The Mail on Sunday - You - - In this Issue - by Sarah Stacey

MY HUS­BAND DROPPED – by mis­take – a heavy box on my feet re­cently. ‘Dumbbells,’ Alex ex­plained in re­sponse to my wounded squawk. That mi­nor ‘do­mes­tic’ came about af­ter a joint ex­pe­di­tion to test out a DEXA (dual-en­ergy X-ray ab­sorp­tiom­e­try) body scan, which mea­sures your body com­po­si­tion. The re­port prin­ci­pally re­veals the amount and dis­tri­bu­tion of fat and lean mus­cle mass, by weight and as a per­cent­age of body com­po­si­tion, then rates the re­sult for your age, height and gen­der.

Although Alex proved to be fit for his 66 years, his arms were low on mus­cle. Af­ter the four-minute, non­in­va­sive, full-body scan – you lie on a couch in a hospi­tal gown while the scan­ner passes up and down – Bodyscan direc­tor Phil Chant printed out pages of ma­te­rial, in­clud­ing coloured maps of body com­po­si­tion, and talked us through them. He sug­gested that Alex in­cor­po­rate weights into his train­ing ses­sions – hence the dumbbells.

I was par­tic­u­larly in­ter­ested in find­ing out how much vis­ceral fat we had – that’s the dan­ger­ous, deeply stored fat that wraps it­self round your or­gans, in­clud­ing the heart, liver and kid­neys and may creep through your mus­cles. Even slim and ac­tive peo­ple can har­bour this in­vis­i­ble vil­lain.

DEXA is the most ac­cu­rate way of mea­sur­ing vis­ceral fat apart from an MRI scan – the gold stan­dard, but costly – or a CT scan, which in­volves vastly more ra­di­a­tion than DEXA and is also more ex­pen­sive. Ra­di­a­tion from a DEXA scan is the same, at 0.005mSv, as a den­tal x-ray. Bio­elec­tri­cal im­ped­ance anal­y­sis, a method of es­ti­mat­ing body com­po­si­tion and body fat, is markedly less ac­cu­rate. How­ever, DEXA be­came less ac­cu­rate at the high end of the obe­sity spec­trum in one study.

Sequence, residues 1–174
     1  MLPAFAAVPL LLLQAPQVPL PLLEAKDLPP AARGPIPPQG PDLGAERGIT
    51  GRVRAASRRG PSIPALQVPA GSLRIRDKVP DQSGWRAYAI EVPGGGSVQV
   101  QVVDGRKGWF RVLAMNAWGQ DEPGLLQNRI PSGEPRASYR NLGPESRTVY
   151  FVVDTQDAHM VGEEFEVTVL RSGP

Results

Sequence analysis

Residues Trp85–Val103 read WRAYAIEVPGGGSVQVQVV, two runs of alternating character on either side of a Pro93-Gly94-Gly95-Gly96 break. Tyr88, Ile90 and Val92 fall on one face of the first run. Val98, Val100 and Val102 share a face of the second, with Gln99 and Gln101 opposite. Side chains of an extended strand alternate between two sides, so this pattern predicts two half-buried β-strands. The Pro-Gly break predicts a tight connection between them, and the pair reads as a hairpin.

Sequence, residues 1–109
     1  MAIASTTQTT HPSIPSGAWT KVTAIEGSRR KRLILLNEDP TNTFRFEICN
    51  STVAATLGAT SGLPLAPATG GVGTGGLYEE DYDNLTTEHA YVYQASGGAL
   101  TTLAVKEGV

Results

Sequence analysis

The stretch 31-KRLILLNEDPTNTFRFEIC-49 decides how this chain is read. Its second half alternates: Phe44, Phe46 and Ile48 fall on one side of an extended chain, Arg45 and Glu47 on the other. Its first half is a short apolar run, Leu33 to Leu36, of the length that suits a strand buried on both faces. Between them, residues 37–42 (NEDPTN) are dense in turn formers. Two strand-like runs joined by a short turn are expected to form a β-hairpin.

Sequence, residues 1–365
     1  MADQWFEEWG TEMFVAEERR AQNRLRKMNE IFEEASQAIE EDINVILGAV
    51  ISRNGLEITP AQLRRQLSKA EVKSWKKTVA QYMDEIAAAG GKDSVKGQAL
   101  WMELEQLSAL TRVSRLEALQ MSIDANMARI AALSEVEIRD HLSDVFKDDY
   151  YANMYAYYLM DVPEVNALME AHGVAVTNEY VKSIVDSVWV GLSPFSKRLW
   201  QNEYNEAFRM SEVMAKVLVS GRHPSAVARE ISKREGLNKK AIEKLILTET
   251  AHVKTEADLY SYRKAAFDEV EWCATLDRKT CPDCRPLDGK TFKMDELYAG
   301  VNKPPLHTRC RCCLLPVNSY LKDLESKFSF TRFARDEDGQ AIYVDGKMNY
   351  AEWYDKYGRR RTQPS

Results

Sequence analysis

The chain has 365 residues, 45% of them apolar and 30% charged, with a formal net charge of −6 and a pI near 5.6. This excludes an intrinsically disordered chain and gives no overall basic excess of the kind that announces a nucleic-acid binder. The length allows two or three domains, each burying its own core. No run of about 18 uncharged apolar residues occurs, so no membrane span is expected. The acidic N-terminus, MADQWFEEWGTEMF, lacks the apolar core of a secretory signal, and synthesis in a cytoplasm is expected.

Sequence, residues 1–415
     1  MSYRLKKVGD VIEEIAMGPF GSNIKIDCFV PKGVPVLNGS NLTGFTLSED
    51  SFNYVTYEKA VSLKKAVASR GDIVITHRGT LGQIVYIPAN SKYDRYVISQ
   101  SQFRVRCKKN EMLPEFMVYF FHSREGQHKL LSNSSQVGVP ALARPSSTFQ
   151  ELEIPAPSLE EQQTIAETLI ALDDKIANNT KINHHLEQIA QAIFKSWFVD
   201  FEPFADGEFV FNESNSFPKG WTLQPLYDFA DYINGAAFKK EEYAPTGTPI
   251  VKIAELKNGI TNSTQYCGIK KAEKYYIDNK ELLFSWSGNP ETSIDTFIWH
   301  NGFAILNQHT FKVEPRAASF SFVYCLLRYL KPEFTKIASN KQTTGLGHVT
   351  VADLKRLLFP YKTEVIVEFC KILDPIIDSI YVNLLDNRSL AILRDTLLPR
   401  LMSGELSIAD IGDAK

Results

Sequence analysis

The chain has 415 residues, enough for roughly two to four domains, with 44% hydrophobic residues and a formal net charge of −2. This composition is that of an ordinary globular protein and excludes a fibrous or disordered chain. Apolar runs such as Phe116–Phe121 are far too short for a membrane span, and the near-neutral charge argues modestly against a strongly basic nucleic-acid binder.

The good news was that our vis­ceral fat lev­els were low and our bone den­sity lev­els were ex­cel­lent. Phil em­pha­sises that ‘this is a good gen­eral in­di­ca­tion of bone health, rather than a de­fin­i­tive di­ag­nos­able as­sess­ment’. The body map showed that I carry a lit­tle ex­tra fat on my up­per body as old in­juries and a dodgy back have made it more dif­fi­cult for me to tar­get ex­er­cise above the waist. But, in gen­eral, we were both as­sessed as in very good shape for our ages.

Scru­ti­n­is­ing the Bodyscan re­sults with Phil was fas­ci­nat­ing, il­lu­mi­nat­ing and also sur­pris­ingly mo­ti­vat­ing. We both left de­ter­mined to im­prove the (mer­ci­fully few) weak ar­eas and main­tain the healthy ones. I’ve come to like air-box­ing – great stress re­lief! – so I’m now re­search­ing punch­ing balls for my Christ­mas list. Mean­while Alex is plan­ning a re­turn to Bodyscan to see if his arms have mus­cled up.

Con­tact Bodyscan on 020 3490 4171 or visit DEXA body scan plus vis­ceral fat es­ti­mate and per­sonal con­sul­ta­tion, £159; for two peo­ple, £258. Pack­ages avail­able.

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